A survey that was recently carried out by Rasmussen Reports revealed that most Americans are concerned that their government is spying on them. While this may not be very surprising given the government’s behavior in recent years, one interesting finding was that some groups of Americans were more worried about their own government spying on them than foreign spies.
In a national poll of likely American voters, 74 percent of respondents said they were either very or somewhat concerned that their government is spying on them. When broken down by party, 89 percent of Republicans felt this way, while 66 percent of Democrats expressed concern about it.
While 70 percent of likely Republican voters describe themselves as being “very concerned” about their government’s spying activities, just 67 percent of people in this group said they were “very concerned” about spying on the part of foreign governments.
Meanwhile, just a quarter of the population said they were either not at all concerned or not very concerned about any potential government spying.
Overall, however, there is not a big difference in the way that Americans feel about spying activity on the part of their government versus that of foreign governments. In fact, 82 percent of Americans said they were concerned about foreign government spying on them overall, which is just 8 percent more than those who said they were worried about their own government doing so. Meanwhile, 17 percent of the population said that they were either not at all concerned or not very concerned about being spied on by foreign governments.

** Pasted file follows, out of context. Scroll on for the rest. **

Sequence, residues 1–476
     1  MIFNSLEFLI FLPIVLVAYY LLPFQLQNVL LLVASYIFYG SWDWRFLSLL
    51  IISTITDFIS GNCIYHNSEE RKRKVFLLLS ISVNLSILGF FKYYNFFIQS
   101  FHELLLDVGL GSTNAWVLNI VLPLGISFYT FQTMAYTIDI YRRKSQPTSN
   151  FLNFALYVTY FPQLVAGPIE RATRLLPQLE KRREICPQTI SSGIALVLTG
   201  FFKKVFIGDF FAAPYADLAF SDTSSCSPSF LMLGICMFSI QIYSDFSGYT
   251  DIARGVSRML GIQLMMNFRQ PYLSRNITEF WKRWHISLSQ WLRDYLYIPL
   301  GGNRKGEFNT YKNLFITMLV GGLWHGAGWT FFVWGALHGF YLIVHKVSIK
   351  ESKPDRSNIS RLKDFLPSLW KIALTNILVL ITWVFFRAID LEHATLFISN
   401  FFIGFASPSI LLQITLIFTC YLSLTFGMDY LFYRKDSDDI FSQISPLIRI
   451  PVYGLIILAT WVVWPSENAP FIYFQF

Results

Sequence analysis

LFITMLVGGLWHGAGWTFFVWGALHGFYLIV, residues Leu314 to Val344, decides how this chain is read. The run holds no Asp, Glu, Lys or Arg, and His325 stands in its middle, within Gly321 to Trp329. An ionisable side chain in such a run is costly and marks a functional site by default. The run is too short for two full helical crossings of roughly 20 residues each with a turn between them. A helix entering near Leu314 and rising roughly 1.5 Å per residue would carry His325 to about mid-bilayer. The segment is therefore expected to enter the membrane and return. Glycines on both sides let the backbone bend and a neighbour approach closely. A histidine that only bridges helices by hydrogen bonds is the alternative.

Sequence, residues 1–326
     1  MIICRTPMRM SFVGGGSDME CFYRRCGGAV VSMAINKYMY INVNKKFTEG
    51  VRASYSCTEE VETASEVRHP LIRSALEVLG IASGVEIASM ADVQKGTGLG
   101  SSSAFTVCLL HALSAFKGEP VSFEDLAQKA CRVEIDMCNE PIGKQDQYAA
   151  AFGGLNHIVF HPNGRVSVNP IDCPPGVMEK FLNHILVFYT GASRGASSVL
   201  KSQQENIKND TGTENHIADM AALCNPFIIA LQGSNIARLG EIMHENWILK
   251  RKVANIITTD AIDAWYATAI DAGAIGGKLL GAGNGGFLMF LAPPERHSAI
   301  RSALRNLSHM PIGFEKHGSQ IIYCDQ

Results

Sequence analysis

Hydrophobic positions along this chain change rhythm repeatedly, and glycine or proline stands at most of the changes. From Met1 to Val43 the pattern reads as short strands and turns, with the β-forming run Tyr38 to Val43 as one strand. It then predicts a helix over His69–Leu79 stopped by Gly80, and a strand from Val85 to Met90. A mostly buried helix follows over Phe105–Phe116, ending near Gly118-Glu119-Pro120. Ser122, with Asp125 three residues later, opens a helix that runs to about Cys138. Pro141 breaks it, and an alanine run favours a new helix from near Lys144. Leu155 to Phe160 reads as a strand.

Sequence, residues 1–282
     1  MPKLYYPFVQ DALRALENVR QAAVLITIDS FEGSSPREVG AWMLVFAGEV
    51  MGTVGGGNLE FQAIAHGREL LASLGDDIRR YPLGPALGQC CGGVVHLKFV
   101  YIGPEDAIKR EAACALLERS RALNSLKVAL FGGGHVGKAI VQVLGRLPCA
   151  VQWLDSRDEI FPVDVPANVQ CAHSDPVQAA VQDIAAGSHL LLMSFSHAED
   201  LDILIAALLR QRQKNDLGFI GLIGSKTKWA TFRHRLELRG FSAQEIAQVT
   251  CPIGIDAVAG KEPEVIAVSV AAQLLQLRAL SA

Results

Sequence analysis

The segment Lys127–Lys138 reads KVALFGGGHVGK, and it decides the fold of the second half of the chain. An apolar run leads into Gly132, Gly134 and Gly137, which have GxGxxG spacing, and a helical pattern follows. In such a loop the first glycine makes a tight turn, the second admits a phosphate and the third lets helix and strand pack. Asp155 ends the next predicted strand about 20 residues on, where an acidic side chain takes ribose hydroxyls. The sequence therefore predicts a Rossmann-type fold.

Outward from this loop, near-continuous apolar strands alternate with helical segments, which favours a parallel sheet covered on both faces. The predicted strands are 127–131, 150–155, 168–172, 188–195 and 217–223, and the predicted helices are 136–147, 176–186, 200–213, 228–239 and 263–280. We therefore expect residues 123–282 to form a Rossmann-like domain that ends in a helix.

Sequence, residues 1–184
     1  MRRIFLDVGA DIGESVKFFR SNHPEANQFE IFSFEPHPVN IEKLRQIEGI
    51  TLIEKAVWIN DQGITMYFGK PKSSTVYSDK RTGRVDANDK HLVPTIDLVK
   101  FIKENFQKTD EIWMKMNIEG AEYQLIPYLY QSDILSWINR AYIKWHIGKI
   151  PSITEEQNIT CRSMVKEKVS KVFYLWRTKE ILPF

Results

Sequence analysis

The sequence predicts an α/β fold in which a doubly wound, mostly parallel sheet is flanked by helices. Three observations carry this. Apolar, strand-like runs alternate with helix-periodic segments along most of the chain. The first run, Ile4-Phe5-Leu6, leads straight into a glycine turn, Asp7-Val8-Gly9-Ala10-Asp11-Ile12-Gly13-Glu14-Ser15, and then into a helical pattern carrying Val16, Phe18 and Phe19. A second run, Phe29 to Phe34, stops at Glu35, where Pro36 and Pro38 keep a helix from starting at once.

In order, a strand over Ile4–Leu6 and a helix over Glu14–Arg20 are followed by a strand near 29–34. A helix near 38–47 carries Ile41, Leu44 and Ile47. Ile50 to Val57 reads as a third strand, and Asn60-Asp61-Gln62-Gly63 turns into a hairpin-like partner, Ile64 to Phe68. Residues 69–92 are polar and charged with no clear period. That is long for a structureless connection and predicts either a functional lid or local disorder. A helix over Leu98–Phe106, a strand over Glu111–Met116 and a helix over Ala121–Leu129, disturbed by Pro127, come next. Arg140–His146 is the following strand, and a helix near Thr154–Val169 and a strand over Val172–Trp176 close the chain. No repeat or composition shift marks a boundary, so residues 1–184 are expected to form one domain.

When it comes to national security, 45 percent of the respondents said they trust Republicans more when it comes to these issues, while just 41 percent identified Democrats as the most trustworthy party in this regard. However, people tended to vote down party lines on this issue, with 85 percent of Republicans trusting the Republican party more on national security and 79 percent of democrats saying they trust Democrats with these matters.
The poll involved 911 likely American voters and was conducted from April 17 to 19.
Americans have a largely negative view of America’s present and future state
The results of the survey are not surprising, and they appear to be part of a broader overall negative sentiment toward the U.S. in recent times. A new poll from Pew Research Center carried out from March 27 to April 2 shows that Americans largely have a negative view of the current state of the U.S., with an overwhelming majority reporting being dissatisfied with national conditions and the economy, in addition to having a very dim view of the future.
Nearly six out of ten Americans said that life for individuals like them right now is worse than it was 50 years ago, while only 23 percent believe life is better today. Moreover, the share of Americans who said that life is worse today than in the past rose 15 percentage points since summer 2021, while the share of those who think it’s better dropped by a similar amount. Just under 20 percent said they were satisfied with how things are going in the U.S. right now, while 80 percent report being dissatisfied.
When asked to look ahead to 2050, sizeable proportions of Americans had a very negative view. For example, 66 percent said the American economy will be weaker, 81 percent said the gap between the rich and poor would grow, 77 percent feel the country will be even more politically divided than it is now, and 71 percent believe that America will be less important on the world stage.
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